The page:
See also other another article on Duncan’s resignation in The New York Times in which Duncan was positioned as “the subject of criticism from both parties, angering Democrats by challenging teachers’ unions and infuriating Republicans by promoting national academic standards.” See also other another article in The Washington Post.

Obama has selected Deputy Secretary of Education John B. King, Jr. to replace him. As per The Washington Post, “King is a Brooklyn native who often credits teachers with guiding him toward a successful path after he was orphaned at age 12. A former charter school leader in Boston and New York, he joined the Education Department in January after a turbulent tenure as commissioner of education for the state of New York. In that role, he was a key architect of new teacher evaluations tied to test scores and played a key role in pushing New York to adopt new tests aligned to the Common Core State Standards years before other states did the same.

The Network for Public Education (NPE) announced their reaction to both Arne Duncan’s resignation and John King as Duncan’s replacement. “The Network for Public Education assigned an “F” to the selection of John King as a replacement to Arne Duncan,” who according to Diane Ravitch (among others) did more harm than good during his time in this position. Perhaps Obama’s remarks were not entirely on base.

Under Duncan’s (and Obama’s) watch, “The policies of the US Department of Education have inflicted immeasurable harm on American public education. The blind faith in standardized testing as the most meaningful measure of students, teachers, principals, and schools has distorted the true meaning of education and demoralized educators. Punitive policies have created teacher shortages across the nation, as well as a precipitous decline in the number of people preparing to become teachers. The Race to the Top preference for privately managed charter schools over public schools has encouraged privatization of a vitally important public responsibility.”

Regarding the appointment of King, The Executive Director of the NPE Fund and former New York State principal, Carol Burris, noted that, “John King’s tenure in New York State was a disaster [as] he alienated teachers, parents, and principals. He was the first Commissioner of Education in New York to receive a vote of ‘no confidence’ by the New York State Teachers Union, and referred to parents as ‘a special interest group.’ Not only was his implementation of the Common Core standards rushed and chaotic, but the horrific state exams that were given during his tenure resulted in over 200,000 students opting out of the exam last spring. It is difficult to imagine a worse choice to run the US Department of Education.”

To read more from the NPE click here.


New Mexico’s Teacher Evaluation Lawsuit: Day Three

As per my last post about the second day in court in Santa Fe, New Mexico, I was purposefully ambiguous about one of the two articles written in The Santa Fe New Mexican regarding my testimony. The first article titled, “Experts differ on test-based evaluations at NM hearing,” I felt fairly captured the events of the second day in court, but the second article titled, “Professor’s testimony: Teacher eval system ‘not ready for prime time,” did not. But that is about all that I said, being purposefully ambiguous for two reasons that I can now (more or less) share.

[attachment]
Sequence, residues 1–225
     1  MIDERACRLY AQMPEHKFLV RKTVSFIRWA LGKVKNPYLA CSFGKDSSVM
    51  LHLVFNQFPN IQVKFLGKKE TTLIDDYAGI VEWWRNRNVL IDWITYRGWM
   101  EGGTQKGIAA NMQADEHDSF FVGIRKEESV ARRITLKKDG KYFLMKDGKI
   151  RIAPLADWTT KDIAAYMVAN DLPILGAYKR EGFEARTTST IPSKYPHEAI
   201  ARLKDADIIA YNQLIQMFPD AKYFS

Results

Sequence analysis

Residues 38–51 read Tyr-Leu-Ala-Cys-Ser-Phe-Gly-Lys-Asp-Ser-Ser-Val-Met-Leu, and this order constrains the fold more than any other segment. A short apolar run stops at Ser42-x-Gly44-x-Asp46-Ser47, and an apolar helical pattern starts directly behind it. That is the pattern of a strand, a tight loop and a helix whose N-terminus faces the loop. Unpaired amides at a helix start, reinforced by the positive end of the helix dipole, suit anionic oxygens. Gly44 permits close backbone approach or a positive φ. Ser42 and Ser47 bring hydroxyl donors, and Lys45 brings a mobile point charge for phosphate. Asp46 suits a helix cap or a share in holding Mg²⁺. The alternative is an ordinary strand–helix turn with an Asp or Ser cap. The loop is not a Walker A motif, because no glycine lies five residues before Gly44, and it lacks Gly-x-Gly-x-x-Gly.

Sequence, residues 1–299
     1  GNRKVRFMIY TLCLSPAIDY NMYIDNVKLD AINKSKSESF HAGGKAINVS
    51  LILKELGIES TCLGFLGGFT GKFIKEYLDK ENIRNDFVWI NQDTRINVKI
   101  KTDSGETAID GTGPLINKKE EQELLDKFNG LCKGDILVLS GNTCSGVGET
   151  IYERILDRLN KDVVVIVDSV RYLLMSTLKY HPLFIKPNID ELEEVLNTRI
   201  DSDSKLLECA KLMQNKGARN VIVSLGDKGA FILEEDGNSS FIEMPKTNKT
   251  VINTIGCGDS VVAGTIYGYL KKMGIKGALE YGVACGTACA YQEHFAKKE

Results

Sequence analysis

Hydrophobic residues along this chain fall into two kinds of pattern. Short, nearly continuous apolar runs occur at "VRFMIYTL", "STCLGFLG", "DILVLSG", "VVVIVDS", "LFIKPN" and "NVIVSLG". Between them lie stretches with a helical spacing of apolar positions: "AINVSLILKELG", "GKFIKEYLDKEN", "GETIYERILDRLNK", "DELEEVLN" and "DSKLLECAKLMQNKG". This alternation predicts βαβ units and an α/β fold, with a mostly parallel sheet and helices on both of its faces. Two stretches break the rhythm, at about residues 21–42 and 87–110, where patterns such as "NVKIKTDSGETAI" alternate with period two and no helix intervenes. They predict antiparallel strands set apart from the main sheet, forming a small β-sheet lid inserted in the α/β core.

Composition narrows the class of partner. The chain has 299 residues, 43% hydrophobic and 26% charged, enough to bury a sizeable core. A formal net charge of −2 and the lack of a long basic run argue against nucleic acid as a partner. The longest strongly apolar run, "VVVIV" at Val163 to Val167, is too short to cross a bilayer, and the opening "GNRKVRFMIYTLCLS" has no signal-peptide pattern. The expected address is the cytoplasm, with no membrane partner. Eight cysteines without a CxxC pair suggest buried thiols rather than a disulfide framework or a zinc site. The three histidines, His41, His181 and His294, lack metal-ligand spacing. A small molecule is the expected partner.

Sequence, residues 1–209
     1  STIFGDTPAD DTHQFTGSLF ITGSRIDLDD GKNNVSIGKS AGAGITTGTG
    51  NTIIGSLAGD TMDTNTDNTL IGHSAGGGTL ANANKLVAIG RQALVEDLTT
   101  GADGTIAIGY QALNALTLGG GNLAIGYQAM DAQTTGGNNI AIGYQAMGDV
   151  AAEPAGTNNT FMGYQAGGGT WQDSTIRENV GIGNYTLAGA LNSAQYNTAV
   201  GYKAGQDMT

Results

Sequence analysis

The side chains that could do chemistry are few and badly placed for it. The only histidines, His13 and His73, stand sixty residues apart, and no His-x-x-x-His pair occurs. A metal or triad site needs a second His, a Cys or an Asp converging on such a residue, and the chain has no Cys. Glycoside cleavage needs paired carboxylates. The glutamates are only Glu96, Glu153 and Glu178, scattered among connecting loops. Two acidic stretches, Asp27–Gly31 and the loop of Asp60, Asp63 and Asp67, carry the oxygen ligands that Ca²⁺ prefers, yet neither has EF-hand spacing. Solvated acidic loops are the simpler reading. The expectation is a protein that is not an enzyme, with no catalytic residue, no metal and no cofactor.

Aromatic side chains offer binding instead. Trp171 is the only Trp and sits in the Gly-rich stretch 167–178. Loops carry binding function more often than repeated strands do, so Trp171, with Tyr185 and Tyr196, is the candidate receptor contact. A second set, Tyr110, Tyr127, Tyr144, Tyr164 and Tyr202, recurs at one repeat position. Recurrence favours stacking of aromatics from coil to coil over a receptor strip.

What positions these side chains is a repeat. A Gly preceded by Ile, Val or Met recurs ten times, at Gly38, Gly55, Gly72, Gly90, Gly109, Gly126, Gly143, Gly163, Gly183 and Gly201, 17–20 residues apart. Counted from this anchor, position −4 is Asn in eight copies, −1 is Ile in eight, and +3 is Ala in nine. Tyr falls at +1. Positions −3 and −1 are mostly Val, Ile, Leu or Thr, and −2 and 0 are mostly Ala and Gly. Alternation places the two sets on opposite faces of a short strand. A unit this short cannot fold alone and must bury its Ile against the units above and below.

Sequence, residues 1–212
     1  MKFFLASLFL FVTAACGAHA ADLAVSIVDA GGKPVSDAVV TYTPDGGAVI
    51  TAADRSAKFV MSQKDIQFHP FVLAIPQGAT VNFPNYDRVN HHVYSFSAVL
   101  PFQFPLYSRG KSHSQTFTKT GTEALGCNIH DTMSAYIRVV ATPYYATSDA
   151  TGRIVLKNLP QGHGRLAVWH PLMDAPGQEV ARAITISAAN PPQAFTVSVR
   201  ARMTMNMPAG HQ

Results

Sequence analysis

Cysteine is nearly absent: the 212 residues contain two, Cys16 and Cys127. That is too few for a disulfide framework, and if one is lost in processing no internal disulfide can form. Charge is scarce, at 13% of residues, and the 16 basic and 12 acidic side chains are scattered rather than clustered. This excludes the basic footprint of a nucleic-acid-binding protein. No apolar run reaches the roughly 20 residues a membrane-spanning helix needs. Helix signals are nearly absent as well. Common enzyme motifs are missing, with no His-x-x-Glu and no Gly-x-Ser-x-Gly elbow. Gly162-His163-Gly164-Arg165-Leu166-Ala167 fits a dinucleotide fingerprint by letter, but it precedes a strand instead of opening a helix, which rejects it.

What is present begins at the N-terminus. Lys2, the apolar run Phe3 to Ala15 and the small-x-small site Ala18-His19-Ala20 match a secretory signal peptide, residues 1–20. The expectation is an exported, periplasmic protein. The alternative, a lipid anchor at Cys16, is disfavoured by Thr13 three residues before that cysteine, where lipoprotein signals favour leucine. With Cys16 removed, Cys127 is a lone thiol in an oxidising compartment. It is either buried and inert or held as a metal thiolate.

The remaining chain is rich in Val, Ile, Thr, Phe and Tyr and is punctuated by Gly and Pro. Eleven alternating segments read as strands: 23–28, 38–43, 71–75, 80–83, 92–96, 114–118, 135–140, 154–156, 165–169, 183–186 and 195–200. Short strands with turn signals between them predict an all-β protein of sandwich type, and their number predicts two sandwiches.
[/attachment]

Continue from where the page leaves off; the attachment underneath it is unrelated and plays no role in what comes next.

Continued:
The first reason was that the author of this article (in my opinion) unfairly captured my four hours of testimony, by primarily positioning me as an “expert witness” who did not know really anything about the New Mexico teacher evaluation model. Just to be clear, during my testimony I explained that I had not analyzed the actual data from New Mexico. I also argued (but this was unfortunately not highlighted in this particular article), that I could not find anything about the New Mexico model’s output (e.g., indicators of reliability or consistency in terms of teachers’ rankings over time, indicators of validity as per, for example, whether the state’s value-added output correlated, or not, with the other “multiple measures” used in New Mexico’s teacher evaluation system), pretty much anywhere given my efforts.

I testified that this, in and of itself, was problematic, given much of what should have been accessible and retrievable, for example, via the website of New Mexico’s Public Education Department (PED), via the internet in general (e.g., about developer Pete Goldschmidt’s value-added model), and via my attempts through contacts throughout New Mexico to gather the particular information for which I was looking, was not available to the public via any of these means. This, in and of itself, as I also testified, was problematic, especially given New Mexico Governor Martinez’s claims about “Ensuring Transparency and Ethics in our Government.”

Also not explained in this article was that I also analyzed New Mexico’s model using the documents made available via the exhibits submitted for this case, by both the plaintiffs and the defense. What I did not do, however, was conduct any direct analyses of any of the state’s actual data, yet, and for a variety of reasons (e.g., these data are a part of a lawsuit, and I am on the “wrong side,” there are standard data procedural and confidentiality agreements that take considerable time to secure, there is a certain timeline in place). This was also not explained.